The Ethics Hero Odd Couple: Ann Coulter and Howard Dean

Two impolitic, frequently uncivil, ideologically zealous and widely disliked public figures just picked up Ethics Hero credentials by bucking the worst tendencies of their natural political allies, and making a stand for more understanding and less mindless partisan combat.

First, Ann Coulter, the political commentator/performance artist whose acid comments about the liberal establishment would make Rush Limbaugh blush: She was kicked off the bill for the ultra-conservative WorldNetDaily’s “Taking America Back Conference” in Miami because she agreed to speak at Homocon, an event organized by gay Republican group GOProud.

Joseph Farah, editor and CEO of WND, told the media, “Ultimately, as a matter of principle, it would not make sense for us to have Ann speak to a conference about ‘taking America back’ when she clearly does not recognize that the ideals to be espoused there simply do not include the radical and very ‘unconservative’ agenda represented by GOProud.”

Coulter is speaking at Homocon anyway, rightly believing that treating gays as social outcasts is wrong. Who knows: maybe next she’ll come around on same-sex marriage.

The second half of our odd couple Ethics Heroes is Howard Dean, the former Democratic Party chief who has impeccable credentials as a progressive and relentless conservative-basher, he shocked most observers by opining that the Ground Zero Mosque was not necessarily a good idea, and should probably be built elsewhere. More than that, he accused Democrats of “demonizing” opponents of the proposed Islamic center as bigots, when there are legitimate “emotional” reasons for “decent people” to find the project offensive.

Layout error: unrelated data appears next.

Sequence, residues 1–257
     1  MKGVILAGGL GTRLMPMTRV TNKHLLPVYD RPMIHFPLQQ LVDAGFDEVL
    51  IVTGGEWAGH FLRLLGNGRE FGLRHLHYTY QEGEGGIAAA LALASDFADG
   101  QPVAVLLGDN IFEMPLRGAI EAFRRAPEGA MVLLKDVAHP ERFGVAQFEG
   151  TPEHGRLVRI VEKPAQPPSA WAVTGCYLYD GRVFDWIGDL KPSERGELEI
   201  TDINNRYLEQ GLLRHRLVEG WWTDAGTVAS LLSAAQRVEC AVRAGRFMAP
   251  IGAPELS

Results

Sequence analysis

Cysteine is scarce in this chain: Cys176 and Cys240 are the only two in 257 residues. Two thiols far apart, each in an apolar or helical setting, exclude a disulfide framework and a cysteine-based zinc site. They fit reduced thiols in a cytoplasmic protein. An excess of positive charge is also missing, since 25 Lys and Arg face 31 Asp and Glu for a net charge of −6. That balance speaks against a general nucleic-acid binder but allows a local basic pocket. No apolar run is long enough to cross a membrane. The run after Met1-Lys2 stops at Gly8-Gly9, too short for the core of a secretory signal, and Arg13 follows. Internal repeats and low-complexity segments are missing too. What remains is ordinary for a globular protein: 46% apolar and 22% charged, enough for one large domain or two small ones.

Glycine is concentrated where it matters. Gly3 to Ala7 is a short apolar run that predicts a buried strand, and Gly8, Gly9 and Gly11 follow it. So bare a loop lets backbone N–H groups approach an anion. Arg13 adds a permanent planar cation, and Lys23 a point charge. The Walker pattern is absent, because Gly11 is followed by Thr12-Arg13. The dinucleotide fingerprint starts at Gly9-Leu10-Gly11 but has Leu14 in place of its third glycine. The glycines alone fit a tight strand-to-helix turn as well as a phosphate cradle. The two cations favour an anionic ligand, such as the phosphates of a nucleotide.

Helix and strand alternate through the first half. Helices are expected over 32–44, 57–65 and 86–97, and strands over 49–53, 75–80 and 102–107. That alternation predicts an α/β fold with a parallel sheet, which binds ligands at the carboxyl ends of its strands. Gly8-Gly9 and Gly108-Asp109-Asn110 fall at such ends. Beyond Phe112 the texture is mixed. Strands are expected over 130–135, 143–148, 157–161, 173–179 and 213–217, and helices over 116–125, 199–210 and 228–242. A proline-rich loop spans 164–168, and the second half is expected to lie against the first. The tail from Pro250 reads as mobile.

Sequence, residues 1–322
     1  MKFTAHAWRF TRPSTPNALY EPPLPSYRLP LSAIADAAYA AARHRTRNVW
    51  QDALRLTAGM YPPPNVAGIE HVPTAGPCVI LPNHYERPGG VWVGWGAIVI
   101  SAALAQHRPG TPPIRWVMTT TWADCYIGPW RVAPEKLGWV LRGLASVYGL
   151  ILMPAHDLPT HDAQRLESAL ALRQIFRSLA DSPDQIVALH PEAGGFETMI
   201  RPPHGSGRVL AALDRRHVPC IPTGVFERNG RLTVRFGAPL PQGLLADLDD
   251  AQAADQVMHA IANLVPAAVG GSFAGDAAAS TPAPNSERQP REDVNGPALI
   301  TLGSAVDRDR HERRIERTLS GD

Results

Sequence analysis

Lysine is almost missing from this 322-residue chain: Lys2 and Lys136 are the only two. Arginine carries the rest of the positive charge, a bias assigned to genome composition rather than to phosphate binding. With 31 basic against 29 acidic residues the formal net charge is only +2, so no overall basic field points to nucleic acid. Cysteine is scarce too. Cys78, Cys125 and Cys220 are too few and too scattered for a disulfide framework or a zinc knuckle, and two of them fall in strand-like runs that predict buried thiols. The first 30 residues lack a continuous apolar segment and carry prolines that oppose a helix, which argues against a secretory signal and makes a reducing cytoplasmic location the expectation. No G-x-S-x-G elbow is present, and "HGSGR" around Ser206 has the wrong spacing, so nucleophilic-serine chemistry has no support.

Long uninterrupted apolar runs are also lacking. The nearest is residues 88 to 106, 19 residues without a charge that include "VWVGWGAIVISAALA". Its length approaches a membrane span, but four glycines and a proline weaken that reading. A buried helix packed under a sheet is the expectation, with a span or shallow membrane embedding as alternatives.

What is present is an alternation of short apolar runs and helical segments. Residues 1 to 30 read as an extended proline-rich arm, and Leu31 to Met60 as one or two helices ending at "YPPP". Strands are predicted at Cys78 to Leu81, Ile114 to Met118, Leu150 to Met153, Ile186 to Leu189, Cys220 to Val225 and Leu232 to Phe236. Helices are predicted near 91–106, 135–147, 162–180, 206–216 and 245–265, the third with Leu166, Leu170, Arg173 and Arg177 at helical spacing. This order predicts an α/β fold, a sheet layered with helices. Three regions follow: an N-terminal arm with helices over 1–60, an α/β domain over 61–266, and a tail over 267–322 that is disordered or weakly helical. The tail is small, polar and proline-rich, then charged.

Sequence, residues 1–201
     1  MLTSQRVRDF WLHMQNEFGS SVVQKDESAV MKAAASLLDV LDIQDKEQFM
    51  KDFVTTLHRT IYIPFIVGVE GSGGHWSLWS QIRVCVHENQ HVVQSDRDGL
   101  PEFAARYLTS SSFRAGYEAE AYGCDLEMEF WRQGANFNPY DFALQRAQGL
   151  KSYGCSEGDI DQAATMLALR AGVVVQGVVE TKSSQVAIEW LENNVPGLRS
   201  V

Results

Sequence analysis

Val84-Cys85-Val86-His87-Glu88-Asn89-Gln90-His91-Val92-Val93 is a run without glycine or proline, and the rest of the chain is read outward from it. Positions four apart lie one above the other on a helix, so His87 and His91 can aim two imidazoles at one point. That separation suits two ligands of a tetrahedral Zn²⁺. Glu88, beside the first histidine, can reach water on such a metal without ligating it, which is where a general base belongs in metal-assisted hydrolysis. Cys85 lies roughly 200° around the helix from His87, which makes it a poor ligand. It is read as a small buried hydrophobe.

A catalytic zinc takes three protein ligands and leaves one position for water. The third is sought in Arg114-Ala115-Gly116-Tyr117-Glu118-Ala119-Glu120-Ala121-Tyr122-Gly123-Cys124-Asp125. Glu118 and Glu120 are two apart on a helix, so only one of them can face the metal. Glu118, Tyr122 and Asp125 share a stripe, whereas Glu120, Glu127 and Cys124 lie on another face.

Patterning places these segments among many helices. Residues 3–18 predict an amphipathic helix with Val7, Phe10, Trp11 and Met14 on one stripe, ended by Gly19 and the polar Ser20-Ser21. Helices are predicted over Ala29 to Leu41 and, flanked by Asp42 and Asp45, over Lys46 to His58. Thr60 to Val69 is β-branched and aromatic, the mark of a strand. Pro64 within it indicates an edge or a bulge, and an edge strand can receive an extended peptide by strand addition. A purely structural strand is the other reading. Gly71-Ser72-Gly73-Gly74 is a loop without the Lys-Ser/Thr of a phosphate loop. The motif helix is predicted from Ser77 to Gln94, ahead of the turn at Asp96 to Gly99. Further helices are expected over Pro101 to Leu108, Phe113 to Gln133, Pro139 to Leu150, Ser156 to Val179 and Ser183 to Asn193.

Unlike Harry Reid, Dean isn’t running for re-election, so his comments can’t be dismissed as campaign pandering. His comments pulled the rug out from under demagogues in his own party, who have insisted on tarring all opposition to the mosque as coded bigotry. In doing so, he helped make real dialogue, which is only an option when adversaries respect each other, possible.

That’s what Coulter did too, by refusing pressure to treat gays as unworthy of inclusion in civic discourse. These are small steps toward healing the jagged ideological divide in America, but they are forward steps, and it took courage to make them.

If Howard Dean and Ann Coulter can be fair and reasonable, anything is possible.

Either that, or the world is about to end.

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